Moreover, at the time prior to the current COVID−19 pandemic, students were normally trained in two main ways: through theoretical classes at the university and through clinical practice at the hospital and/or outpatient level. However, once the pandemic arrived, most on-site activities were cancelled. Because of this, 6th-year medical students have not been able to perform clinical practices in hospitals, while most interns were able to have first-hand contact with patients with DM2 and were actively involved in their care, whether at the hospital, outpatient, or emergency level. Thus, the question arises as to whether the fact of having on-site clinical practices influences the knowledge that medical students have about DM2. As we have already mentioned, there are several studies that show that the higher the year of study, the better the knowledge level (23, 24); however, they do not take into account the fact of having performed on-site clinical practices and having had direct contact with patients with DM2. Finally, a study that evaluated knowledge of DM2 in just graduated general practitioners (who frequently treat patients with DM2) and final-year medical students found that medical students had narrowly lower scores than their counterparts (17).
Additionally, it is relevant to mention the context of the medical education of the students in the last 2 years of medical school who were the research subjects of the present study. In the first place, they all received the Medical Clinic II course, which is a theoretical and practical course that takes place in the 5th year of the medical program and consists of clinical practices, internships in a simulation center, discussion of clinical cases, team-based learning and theoretical classes. This course objective is that the student develops the ability to evaluate, diagnose, propose a pertinent and rational work plan, as well as design general therapeutic and preventive measures for patients with digestive, endocrinological, hematological and rheumatological disorders prevalent in the country. Likewise, due to the COVID−19 pandemic, the on-site clinical practices were cancelled. This meant that the 6th-year medical students could not have an on-site externship while the last-year medical students did have one. Finally, as for the internship, it was developed in a normal way from January to March 2020, then it was suspended due to the pandemic and resumed in September 2020 until April 2021. This last part was semi-face-to-face since the schedule was 6 hours per day (7 am to 1 pm) and the practice was predominantly carried out in the hospital setting.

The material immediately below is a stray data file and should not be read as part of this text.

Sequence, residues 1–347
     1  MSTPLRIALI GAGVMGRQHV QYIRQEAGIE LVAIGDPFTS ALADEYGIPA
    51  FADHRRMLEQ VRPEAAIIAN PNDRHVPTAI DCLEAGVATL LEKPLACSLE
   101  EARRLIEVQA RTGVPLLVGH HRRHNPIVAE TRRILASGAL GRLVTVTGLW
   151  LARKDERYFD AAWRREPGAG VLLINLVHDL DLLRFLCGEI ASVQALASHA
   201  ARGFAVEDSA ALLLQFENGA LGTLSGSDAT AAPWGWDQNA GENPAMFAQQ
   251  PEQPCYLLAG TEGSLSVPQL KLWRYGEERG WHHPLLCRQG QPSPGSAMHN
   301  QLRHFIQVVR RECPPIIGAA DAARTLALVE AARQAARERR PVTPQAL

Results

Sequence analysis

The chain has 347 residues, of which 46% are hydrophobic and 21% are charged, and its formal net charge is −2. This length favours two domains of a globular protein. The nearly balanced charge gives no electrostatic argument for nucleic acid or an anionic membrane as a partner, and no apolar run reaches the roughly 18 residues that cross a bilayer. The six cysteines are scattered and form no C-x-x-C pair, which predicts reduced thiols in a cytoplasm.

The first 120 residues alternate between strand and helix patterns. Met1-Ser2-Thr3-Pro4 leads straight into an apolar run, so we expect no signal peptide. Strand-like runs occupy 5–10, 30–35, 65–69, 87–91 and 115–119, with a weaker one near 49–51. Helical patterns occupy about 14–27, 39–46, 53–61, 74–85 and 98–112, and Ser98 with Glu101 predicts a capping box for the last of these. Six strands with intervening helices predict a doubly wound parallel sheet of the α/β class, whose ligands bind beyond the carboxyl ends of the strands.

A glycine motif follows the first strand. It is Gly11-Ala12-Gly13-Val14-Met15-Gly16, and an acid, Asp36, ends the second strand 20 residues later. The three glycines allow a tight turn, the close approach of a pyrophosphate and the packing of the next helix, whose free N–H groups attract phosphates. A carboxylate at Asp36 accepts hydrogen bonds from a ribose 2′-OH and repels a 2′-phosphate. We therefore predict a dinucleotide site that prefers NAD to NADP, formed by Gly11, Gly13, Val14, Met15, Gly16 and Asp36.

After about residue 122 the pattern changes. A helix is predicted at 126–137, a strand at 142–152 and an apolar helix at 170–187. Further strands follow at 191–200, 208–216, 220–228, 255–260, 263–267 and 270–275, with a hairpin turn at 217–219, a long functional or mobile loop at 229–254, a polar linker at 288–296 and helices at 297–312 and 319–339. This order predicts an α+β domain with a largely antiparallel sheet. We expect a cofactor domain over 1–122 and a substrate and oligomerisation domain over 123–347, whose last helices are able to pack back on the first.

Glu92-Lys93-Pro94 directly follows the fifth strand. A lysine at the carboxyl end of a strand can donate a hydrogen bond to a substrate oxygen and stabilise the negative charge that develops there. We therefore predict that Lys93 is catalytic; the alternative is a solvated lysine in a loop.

Since medical students, more specifically those in the last years, will be the physicians who will perform the direct care of patients with DM2 soon due to the Rural and Urban Marginal Service, it is important that they have the correct level of basic knowledge about diabetes. This is fundamental since this is one of the diseases with the highest demand at the outpatient level and is within the group of diseases that has experienced the greatest growth between the years 2002 and 2016 (25). Therefore, we consider it important to evaluate whether medical externship and internship are prepared from the point of view of knowledge to be able to address one of the most common diseases in Peru. This study will evaluate the level of knowledge and explore factors associated with it, emphasizing the prevention, diagnosis and treatment of patients with DM2 in medical students of the last two years in order to identify which variables affect the knowledge level and whether there is a need to reformulate the study plan for 5th-year medical students in order to propose strategies to improve the training of students and prioritize the topics in which there is a greater lack of knowledge.